Foundry Networks is to launch a thin Wi-Fi access point in March, which will rely on the network to handle intelligent functions. Meanwhile, on the wired network the company has added Gigabit Ethernet to its Terathon 10 Gigabit Ethernet core switch, pushing 10 Gigabit technology outside the supercomputer room.

"We are not religious about Wi-Fi architectures," said Ken Cheng, vice president of marketing at Foundry. In November, Foundry launched conventional Wi-Fi access points (so-called "fat APs" that can operate independently of the network) and they have been selling "like hot cakes", said Cheng: "Many customers have heard stories of wireless switches; they believe thin access points are more complex to manage and want the simplicity of a full AP."

For those that do want it, however, the thin AP will also be available as a software "upgrade" to existing access points. The upgrade will turn off functions and lock the system down so that it will not operate without getting settings from a central switch, a mode of operation which enterprise wireless switch vendors recommend.

Instead of requiring a dedicated wireless switch, Foundry is making its switches capable of managing wireless APs. This strategy, of upgrading a general purpose switch to manage access points, is similar to that of Extreme, although Cheng reckons Extreme is limited by its insistence on thin access points and by only enabling a limited range of switches to manage Wi-Fi access points. However, Extreme has hinted that it has a Wi-Fi update of its own in the works.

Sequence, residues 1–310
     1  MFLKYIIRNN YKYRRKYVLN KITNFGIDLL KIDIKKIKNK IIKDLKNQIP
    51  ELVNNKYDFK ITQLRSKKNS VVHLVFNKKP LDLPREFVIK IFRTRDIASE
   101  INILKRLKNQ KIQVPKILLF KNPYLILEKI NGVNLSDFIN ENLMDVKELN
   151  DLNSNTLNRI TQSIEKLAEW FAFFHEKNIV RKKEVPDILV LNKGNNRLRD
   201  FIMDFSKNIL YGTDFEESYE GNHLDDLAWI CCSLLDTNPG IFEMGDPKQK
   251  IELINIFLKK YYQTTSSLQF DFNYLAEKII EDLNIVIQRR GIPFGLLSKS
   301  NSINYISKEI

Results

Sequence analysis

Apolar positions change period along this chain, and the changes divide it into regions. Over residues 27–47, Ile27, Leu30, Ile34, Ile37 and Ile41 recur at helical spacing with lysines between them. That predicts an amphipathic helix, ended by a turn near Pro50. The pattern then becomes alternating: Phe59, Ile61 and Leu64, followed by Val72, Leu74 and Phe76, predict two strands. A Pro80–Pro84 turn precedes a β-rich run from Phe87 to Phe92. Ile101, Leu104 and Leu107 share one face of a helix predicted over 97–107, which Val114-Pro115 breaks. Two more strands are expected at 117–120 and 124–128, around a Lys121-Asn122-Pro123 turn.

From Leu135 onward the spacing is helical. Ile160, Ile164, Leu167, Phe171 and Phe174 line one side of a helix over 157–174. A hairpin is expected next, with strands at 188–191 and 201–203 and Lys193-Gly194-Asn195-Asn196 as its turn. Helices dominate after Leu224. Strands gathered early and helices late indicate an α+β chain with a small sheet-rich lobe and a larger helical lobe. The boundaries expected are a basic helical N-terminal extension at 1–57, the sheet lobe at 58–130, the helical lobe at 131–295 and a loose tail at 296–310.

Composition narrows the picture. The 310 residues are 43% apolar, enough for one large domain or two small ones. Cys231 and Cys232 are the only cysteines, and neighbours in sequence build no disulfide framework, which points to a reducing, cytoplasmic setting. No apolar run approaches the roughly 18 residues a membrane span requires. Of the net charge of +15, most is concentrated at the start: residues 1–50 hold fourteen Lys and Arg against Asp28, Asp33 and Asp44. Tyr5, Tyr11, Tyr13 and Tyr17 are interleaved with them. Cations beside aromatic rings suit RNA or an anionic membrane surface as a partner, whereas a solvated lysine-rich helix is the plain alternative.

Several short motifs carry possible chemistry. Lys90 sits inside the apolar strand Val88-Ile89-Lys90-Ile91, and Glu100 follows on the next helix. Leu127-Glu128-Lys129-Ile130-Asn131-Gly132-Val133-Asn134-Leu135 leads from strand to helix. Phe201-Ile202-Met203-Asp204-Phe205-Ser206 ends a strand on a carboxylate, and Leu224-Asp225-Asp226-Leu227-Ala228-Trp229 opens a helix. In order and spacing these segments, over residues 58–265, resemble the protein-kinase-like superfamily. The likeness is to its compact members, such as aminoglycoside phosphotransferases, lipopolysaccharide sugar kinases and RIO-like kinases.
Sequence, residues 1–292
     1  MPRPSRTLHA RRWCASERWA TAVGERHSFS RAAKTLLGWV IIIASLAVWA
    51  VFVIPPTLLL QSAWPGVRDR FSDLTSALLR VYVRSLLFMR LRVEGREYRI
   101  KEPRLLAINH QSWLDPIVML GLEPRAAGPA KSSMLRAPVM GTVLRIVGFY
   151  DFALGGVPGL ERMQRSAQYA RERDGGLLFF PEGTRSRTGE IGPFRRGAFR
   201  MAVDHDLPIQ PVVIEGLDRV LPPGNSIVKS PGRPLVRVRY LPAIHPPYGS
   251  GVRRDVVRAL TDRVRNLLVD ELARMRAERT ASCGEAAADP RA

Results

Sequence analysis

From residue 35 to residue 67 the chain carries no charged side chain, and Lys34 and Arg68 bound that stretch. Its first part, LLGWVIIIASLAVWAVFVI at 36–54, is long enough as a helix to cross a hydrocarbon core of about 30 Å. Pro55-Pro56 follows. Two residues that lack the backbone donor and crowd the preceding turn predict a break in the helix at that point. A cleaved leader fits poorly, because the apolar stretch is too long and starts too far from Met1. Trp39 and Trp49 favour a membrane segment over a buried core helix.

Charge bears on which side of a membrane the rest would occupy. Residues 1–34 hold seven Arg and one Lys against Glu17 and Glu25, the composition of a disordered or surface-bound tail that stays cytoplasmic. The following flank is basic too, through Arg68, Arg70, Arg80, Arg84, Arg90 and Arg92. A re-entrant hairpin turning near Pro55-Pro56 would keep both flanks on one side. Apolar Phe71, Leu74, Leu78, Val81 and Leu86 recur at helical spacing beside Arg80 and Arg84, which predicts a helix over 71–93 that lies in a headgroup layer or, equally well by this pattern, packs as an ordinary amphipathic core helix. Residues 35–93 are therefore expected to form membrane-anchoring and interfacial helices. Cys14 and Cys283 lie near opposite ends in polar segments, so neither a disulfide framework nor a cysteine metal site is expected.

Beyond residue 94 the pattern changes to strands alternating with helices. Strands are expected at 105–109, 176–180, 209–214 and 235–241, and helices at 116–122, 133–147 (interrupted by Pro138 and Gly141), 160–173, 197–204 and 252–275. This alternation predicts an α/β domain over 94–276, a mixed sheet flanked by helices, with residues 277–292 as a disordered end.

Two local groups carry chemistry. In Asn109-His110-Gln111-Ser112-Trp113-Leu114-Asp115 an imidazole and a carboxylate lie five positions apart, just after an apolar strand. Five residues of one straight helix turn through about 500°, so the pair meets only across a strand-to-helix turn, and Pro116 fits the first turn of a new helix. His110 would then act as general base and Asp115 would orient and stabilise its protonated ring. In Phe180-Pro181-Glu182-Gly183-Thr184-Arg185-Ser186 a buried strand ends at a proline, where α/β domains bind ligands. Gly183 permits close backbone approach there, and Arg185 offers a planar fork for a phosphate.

The wired switch upgrade tames Terathon, a monster switch architecture currently only of interest to huge supercomputing labs and similar installations, by giving it a lower-speed option.

The Terathon-based BigIron MG8, and a related NetIron product aimed at service providers, can have up to 32 Ten Gigabit ports arranged four to a blade and running at wire speed. (This is impressive, explains Cheng, because most chassis architectures support around 8 Gigabits per blade, so even with one port per blade, most 10 Gigabit switches run at less than wire speed). However, such a beast is only of interest to big installations, such as the Sandia National Laboratories, which apparently has nineteen fully populated BigIron MG8s.

"We're moving Terathon into the mainstream," said Cheng, by adding plain old Gigabit Ethernet ports. The blades will have forty Gigabit ports. "Most customers will have one or two slots of Ten Gigabit Ethernet," he said. The four-port Ten Gigabit blade and the 40-port Gigabit blade will both cost around $50,000.

Foundry claims it is market leader in Ten Gigabit Ethernet, as well as being number two in the overall Layer Three Switch market place, both according to the Dell'Oro Group. However, Cheng does concede that in that market, Cisco has more than 50 percent market share and every other player is in single figures.